The National Insurance Crime Bureau (NICB) teamed up with the state police in Louisiana back in 2005 after Hurricane Katrina ravaged the state. The purpose of this partnership was cataloging tens of thousands of storm damaged vehicles to make sure that they were correctly identified as damaged if and when they were put up for sale. Even with this concerted effort, vehicles damaged during Katrina were later found in twenty-six states, including California and New York. Fast forward to 2017, twelve years later, and one of the most brutal Atlantic hurricane seasons on record. In fact, this is the first time two category four hurricanes made landfall in the United States in the same hurricane season. As Texas continues its recovery from Harvey and Florida is just beginning its recovery from Irma, it looks as though history may repeat itself in that it will be necessary to catalog vehicles damaged by these two immense storms. This is a vitally important project, as flood damaged vehicles may not be safe, even though they appear fine.
According to Jonathan Smoke, chief economist for Cox Automotive, Kelley Blue Book’s parent company, Harvey has resulted in estimates of 300,000 to 500,000 destroyed vehicles in Texas, mainly Houston. The NICB estimates that 7,000 to 8,000 vehicles there were flood damaged. It’s too soon after Irma for reliable estimates of the vehicle damage in Florida. What is certain is that many vehicles were damaged or destroyed during both storms. Beyond the mess, owners are left with choices. Namely, deciding what to do with their damaged vehicles and how to go about replacing them.
The first question – what to do with a storm-damaged vehicle – is the easy one. Simply put, scrap them all. The CEO of auto retailer AutoNation, Mike Jackson, advises: “Any time you get a flood level in a vehicle above a foot or two, you really should scrap the vehicle. The damage that’s done to the electrical systems in these high-tech cars—just forget about it. They’re all going to have to be replaced.”
The second question – how to go about replacing damaged vehicles – is the trickier one. Investment banking and research firm Evercore ISI has estimated that up to one out of every seven vehicles was destroyed in the Greater Houston area alone. Again, it’s too soon to have reliable estimates on the damage in Florida. Depending on their policies, vehicle owners may be able to file insurance claims to recoup some of their losses.
The insurance companies are the final arbiters of what happens to damaged or destroyed vehicles. Many are considered total losses, marked as flood damaged, and sold for salvage. However, some of these vehicles will end up being sold as used cars. The sad part is that most of them are not safe. How do they make it back into circulation? A practice called “title washing” gives disreputable sellers all the room they need to scam unsuspecting buyers.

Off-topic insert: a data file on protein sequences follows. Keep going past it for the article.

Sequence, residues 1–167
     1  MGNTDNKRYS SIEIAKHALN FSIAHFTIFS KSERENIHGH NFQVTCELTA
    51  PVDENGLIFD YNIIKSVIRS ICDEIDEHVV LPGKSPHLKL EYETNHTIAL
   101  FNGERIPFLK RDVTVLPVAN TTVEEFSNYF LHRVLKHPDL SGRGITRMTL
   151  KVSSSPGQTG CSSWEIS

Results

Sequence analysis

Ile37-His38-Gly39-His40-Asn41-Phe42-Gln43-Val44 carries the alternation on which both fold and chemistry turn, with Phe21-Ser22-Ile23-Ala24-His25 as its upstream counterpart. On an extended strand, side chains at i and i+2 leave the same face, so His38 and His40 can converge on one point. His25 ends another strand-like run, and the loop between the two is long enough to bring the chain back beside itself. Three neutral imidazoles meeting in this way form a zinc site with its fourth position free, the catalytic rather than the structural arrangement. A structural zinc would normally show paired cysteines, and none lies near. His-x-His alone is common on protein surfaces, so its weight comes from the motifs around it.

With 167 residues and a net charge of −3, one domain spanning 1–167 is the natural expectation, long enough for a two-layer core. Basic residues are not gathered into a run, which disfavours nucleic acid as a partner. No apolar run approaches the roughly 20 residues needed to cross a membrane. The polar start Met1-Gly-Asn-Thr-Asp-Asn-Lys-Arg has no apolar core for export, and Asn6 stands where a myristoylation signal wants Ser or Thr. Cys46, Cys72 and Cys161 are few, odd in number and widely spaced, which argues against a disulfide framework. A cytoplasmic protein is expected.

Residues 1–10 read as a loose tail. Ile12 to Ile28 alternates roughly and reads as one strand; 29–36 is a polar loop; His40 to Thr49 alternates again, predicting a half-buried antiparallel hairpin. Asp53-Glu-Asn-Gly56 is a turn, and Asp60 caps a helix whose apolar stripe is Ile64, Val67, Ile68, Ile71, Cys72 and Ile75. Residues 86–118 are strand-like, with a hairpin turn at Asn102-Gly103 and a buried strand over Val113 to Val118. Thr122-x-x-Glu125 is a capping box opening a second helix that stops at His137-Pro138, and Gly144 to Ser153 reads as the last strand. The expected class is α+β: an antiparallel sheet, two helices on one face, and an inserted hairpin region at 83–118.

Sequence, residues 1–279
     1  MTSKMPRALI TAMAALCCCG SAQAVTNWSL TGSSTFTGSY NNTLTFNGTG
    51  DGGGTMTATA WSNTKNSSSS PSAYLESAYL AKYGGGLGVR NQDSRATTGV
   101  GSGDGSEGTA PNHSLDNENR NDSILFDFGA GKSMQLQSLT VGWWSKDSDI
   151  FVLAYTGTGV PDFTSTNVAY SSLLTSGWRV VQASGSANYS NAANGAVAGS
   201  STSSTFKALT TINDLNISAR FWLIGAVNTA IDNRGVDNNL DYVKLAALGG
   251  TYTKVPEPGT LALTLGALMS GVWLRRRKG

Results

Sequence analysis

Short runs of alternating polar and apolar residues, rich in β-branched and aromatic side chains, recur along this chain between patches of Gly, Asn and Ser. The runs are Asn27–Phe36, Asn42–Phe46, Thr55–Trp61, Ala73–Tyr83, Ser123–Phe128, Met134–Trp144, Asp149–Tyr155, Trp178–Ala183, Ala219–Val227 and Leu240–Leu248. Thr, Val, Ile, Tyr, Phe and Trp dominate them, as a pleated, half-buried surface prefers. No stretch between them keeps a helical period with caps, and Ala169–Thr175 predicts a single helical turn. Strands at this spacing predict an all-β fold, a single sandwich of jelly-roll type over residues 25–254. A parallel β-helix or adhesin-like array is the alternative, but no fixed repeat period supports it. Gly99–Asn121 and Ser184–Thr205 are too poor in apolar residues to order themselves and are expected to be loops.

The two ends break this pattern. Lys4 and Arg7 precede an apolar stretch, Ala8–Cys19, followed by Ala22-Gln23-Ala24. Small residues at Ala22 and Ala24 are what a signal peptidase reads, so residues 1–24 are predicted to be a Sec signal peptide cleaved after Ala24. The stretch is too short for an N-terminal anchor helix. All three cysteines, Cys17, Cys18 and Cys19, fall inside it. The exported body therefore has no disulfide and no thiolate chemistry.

After a vehicle is written off as a total loss by the insurer, some states require owners to update the vehicle’s title. In those states, the vehicle is “branded,” meaning the title is stamped with a designator such as “Rebuilt,” “Salvage,” or “Junk.” Thus, anyone who wants to purchase the vehicle will see it does not have a “clean title.”
Enter our scammers. These dishonest folks know which states require branding and which don’t. So, they buy branded vehicles, typically at greatly reduced prices, and take them to a state that doesn’t require branding. There, they register the vehicle, at which point the brand is removed because the state doesn’t require it, and the vehicle is given a clean title.
What can consumers do? In the midst of tremendous amounts of paperwork, insurance claims, and the hard work of rebuilding, they must take on the additional task of informing themselves. Understandably, they need a vehicle ASAP; however, this is one time that haste truly does make waste. Flood damaged vehicles can literally be falling apart in ways that won’t be seen for years.
Consumers can use any number of helpful tools to determine whether the vehicle they want to buy really has a clean title or one that’s been washed. These tools include:
- A vehicle history report from a source such as Experian’s AutoCheck;
- The Department of Justice’s National Motor Vehicle Title Information System;
- The NICB’s VINCheck service.
Another wise action for consumers is having the vehicle thoroughly inspected by a trusted and certified mechanic. No matter how good the clean-up and repair, a good mechanic should see the signs of flood damage. The Washington Post recently published an article with more helpful information on flood damaged vehicles.
Parting words from Roger Morris, NICB communications officer: “I would advise anyone looking to buy a used car, period, to look into that vehicle’s history. Consumers should be very cautious of any used vehicle they buy in the aftermath of a flood like this. You can clean up a car pretty well, but it’s the two to three months afterward when problems really start to show up.”